When I’m looking at a photographer’s work I want to see a nicely presented book, well edited with a consistency of style. I like to get a sense of how a photographer shoots, how he sees things. In terms of his work I want to see how he puts his pictures together, his sense of composition, use of light, depth of field, his creativity, that kind of thing. If he shoots fashion how the clothes and model are coming across or how he brings out someone’s personality in his portrait shoots. So to summarize: I look for excellent quality of work, creativity, fresh perspective, beautifully composed images and the photographer’s style.
M: What turns you off in a photographer’s portfolio?
I: for one when somebody hasn’t done his or her homework. It is really great when a photographer knows and loves the magazine they are coming to see. And understands its style! Looking at back issues and familiarizing yourself with the content will really help in determining what pictures make it in the book and what don’t. They must look though their work and if there’s nothing that they feel is appropriate then don’t even bother making the call. Don’t get me wrong I am not talking here about only wanting to see similar work to what we have published. We do want to evolve and challenge our style but if a photographer only shoots very grungy, gritty, avant-garde work then Vogue is probably not the right fit. However, if they feel that there are some things in their work that would be good for us to see then it’s worth the call.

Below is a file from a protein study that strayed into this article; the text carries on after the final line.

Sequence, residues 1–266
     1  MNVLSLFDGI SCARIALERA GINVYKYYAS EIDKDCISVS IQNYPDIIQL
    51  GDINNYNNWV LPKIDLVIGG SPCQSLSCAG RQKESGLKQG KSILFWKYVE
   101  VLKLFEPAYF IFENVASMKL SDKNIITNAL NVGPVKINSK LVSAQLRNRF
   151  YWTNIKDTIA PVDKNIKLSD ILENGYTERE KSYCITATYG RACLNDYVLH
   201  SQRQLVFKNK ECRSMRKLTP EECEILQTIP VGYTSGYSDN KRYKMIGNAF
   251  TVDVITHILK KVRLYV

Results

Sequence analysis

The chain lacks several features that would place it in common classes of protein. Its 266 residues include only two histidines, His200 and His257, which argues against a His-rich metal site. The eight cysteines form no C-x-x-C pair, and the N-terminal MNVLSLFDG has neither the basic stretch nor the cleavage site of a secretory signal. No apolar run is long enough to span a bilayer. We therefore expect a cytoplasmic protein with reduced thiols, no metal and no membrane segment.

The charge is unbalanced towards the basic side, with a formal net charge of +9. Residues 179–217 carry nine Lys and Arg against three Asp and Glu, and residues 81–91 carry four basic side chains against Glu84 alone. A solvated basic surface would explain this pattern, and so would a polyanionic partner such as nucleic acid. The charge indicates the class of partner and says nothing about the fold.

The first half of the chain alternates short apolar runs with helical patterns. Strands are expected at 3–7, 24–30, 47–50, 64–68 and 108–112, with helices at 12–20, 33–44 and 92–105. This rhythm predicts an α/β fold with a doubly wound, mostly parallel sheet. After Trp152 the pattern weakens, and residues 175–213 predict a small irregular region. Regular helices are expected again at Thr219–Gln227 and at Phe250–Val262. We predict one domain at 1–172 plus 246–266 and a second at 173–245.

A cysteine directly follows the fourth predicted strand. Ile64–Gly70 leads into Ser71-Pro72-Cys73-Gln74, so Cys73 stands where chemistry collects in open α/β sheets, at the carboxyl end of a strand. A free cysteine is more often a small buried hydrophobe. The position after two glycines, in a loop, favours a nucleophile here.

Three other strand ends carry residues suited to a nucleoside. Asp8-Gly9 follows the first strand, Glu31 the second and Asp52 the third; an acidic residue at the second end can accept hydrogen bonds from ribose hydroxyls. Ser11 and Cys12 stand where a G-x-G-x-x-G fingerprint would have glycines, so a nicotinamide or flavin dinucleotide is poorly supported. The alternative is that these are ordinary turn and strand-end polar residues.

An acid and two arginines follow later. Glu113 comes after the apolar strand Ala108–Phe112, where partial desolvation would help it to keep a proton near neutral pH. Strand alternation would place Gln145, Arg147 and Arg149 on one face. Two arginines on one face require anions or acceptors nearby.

Next is sloppy editing - be brutal about what makes the cut and only put in the best work. I know it’s an incredibly hard thing to do but too many pictures are a pain in the neck. Ideally I like to see work that is a maximum of 2 years old. Again when putting the portfolio together they need to think about the person that will be viewing it. Make it as easy to follow as possible with a nice flow and good segmentation - fashion, beauty, portraits etc. And really think about the kind of work they would like to shoot for the magazine. If they don’t want to do still lifes or landscapes then don’t bother putting them in no matter how beautiful. If it’s fashion work then only put in fashion and beauty. Otherwise it doesn’t make sense. The last thing the photo editor wants is to be insecure about the photographer’s abilities. They don’t want to come away from the meeting thinking ‘oh god I’m not quite sure if they going to be able to deliver.’ What I want is a very clear idea of what the photographer can deliver. There is a lot riding on the shoot in terms of money and time and no one wants it to fall short.